The strongest takeaway from Fast Times, which has continued to permeate the separate cinematic paths of Heckerling and Crowe, is its characters’ resilience and capacity to believe in better things to come. Ridgemont High is neither idealized utopia nor tribal dystopia; there certainly may be cliques and rivalries happening, but everyone who walks through it will leave it in good shape, and maybe a little wiser. Bad fortune will rebound, torn fences will be mended. Sean Penn can personally vouch that the “real” Jeff Spicoli he modeled his performance on has had a tasty life since. Even Mr. Hand, the “Hawaii 5-0”-obsessed hardtack whose onscreen postscript suggests he’s thrown up his hands, would probably confide that his years of seeing students survive his intimidation have proven to him that whether or not they remember the Platt Amendment, these kids are going to be fine, even if some of them only squeak by. Crowe has gone on to literally declare, “Optimism is a revolutionary act,” in his directorial debut Say Anything, and in his films since, presented characters that are often more venal than virtuous, but ultimately all striving for a laudable legacy. And Heckerling, whose early student films often borrowed from classic musicals like South Pacific, has continued to immortalize a parade of cockeyed optimists in her CV: Johnny Dangerously, Clark Griswold, Cher Horowitz, and hopefully more to follow.
“The biggest single problem with the movie business is that the older men who own the studios aren’t willing to let their executives fail long enough to succeed. As a result, there’s a perpetual executive shuffle that weakens the creative fiber and the profit structure of the business. It’s absolutely true.” – Thom Mount
Though Fast Times had been hot in galleys when Tanen and Mount greenlit the film, by the time it was ready for release in the summer of 1982, enthusiasm had significantly cooled. In a decision that still draws aggravated memories from its creators, Universal initially opened the film in only 700 theaters on Friday, August 13, with little promotion, and most shockingly, no bookings in New York. Co-producer Irving Azoff, owner of Full Moon Records, which was releasing the soundtrack album, claimed credit for the decision; in an interview with Billboard shortly before the release on August 7th, he stated, “For the same amount of money it costs to advertise a film in New York, you can grab six other major markets. I didn’t feel this picture would do as well in New York as it would in a lot of Midwestern and Southern cities. Besides, I’ve never had a soundtrack sell in the New York-Boston area.” The Billboard article noted that earlier, Azoff had recently switched Full Moon’s distribution from CBS Records to the Warner/Elektra/Atlantic group, an acrimonious split that spurred CBS to deny him songs by Nick Lowe, J.D. Souther, and Heart (whose co-founder Nancy Wilson was then married to Crowe) for the soundtrack, and that CBS’ headquarters were in New York City. Despite the lack of support from the studio, and initially harsh reviews from the press, the film found its prime teenage audience, and delivered strong enough grosses that Universal eventually expanded the release weeks afterward, and ultimately realized a small profit. Still, it was soon clear a mistake was made; as Crowe described in 2017, “The studio never caught up to the demand to see it. They were always scrambling to try and get into more theaters, but it never worked out until the movie came out on VHS and was a big hit [on video].”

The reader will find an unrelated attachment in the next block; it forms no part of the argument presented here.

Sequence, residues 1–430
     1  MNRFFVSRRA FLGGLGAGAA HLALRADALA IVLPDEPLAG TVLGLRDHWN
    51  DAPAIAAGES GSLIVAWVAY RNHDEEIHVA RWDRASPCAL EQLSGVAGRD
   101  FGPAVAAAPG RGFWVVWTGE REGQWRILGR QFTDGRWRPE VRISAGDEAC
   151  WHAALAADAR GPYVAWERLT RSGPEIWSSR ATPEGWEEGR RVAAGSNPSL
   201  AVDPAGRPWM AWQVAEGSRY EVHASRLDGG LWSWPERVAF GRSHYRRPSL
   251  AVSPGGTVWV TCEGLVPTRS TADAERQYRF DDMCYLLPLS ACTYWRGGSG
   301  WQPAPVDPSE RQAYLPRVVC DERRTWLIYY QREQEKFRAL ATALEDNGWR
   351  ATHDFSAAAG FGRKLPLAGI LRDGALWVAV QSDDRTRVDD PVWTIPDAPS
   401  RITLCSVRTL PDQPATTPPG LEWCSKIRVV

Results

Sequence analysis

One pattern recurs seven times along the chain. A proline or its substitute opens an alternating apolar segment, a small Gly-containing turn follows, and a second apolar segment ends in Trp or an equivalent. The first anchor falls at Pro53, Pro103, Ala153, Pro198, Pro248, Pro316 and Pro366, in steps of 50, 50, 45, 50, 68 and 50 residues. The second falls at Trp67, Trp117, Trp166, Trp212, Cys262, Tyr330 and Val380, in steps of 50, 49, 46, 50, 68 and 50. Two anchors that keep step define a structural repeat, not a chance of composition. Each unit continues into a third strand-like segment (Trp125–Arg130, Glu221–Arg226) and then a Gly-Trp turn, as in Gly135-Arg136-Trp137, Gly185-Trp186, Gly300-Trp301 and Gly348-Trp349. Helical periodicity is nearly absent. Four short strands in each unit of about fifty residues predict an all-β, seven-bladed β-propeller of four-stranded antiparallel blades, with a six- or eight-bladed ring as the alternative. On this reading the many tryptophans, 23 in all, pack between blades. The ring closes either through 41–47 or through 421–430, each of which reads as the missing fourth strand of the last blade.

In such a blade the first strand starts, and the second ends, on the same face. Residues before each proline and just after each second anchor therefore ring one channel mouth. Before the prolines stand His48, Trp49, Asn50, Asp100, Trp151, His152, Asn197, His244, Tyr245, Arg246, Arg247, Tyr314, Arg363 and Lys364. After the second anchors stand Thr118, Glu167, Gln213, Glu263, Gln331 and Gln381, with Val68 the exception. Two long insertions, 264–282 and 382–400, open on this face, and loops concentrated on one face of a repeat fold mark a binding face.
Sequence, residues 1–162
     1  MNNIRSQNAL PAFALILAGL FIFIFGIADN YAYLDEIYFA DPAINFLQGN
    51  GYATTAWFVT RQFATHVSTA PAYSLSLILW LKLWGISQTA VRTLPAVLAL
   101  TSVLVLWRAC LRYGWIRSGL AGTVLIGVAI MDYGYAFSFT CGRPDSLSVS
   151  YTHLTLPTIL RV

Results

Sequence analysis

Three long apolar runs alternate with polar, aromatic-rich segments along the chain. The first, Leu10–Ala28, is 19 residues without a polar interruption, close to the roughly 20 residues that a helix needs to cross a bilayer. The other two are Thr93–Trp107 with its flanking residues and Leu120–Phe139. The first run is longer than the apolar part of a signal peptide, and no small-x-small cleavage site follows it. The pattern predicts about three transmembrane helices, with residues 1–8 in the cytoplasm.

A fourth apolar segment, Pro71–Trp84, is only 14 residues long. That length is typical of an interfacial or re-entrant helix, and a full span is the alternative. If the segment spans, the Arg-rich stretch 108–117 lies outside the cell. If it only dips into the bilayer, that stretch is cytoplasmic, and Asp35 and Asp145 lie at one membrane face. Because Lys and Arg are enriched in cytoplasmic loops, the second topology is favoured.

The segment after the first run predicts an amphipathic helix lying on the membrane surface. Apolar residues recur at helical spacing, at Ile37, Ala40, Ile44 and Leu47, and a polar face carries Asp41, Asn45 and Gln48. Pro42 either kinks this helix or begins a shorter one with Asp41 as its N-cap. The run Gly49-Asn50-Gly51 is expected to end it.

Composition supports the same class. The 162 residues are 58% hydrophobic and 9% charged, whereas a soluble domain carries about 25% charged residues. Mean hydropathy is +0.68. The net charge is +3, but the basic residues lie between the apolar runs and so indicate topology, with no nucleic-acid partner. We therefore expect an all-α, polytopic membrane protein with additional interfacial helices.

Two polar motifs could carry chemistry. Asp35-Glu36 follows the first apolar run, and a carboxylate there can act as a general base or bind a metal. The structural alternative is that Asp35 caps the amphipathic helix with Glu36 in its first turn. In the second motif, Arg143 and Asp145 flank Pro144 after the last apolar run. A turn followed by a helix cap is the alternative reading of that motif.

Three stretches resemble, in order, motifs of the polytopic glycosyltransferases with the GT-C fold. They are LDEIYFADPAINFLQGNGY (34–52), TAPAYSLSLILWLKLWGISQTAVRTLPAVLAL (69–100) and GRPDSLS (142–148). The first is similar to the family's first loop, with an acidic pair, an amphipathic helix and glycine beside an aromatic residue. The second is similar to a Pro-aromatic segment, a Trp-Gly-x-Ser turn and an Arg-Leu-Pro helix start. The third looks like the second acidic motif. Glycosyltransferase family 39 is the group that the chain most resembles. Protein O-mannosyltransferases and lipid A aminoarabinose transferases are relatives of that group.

Ned Tanen would leave his position as president of Universal later that year, citing burnout, and in turn made an independent production deal with the studio, which included three projects by another chronicler of high school lives, John Hughes. Thom Mount would leave Universal in 1984, also to become an independent producer; one of his first projects was Can’t Buy Me Love with Patrick Dempsey. And following the Hughes films, Universal would produce other well-received additions to the canon of teenagers and their life discoveries, particularly Dazed and Confused, American Pie, and Bring it On.
“I love the book. It’s one of my favorite things that I’ve ever written. The book opens the door where all the stuff I learned as a journalist can be applied to a non-celebrity and it’s just as interesting. You can interview a kid sitting in his room, and it’s more interesting than Rod Stewart. It very much opened a door to being a screenwriter because it let you know that it was a level playing field, story-wise.” – Cameron Crowe
“I just wanted to do something about the teenage experience; it’s such a wonderful and horrible time of life.” – Amy Heckerling
“When I came around a corner in Venice, two weeks after we released Car Wash, and saw two car-wash attendants jiving with the machinery in tempo to the music playing on their radio and doing the Car Wash walk, that was satisfaction. We had affected culture. Originally, it was a big thrill to get Car Wash made. Then it was a giant thrill to have a hit like Animal House. In the long run, you’re looking for cultural impact, as opposed to the size of a hit. Because hits are, finally, a random phenomenon.” – Thom Mount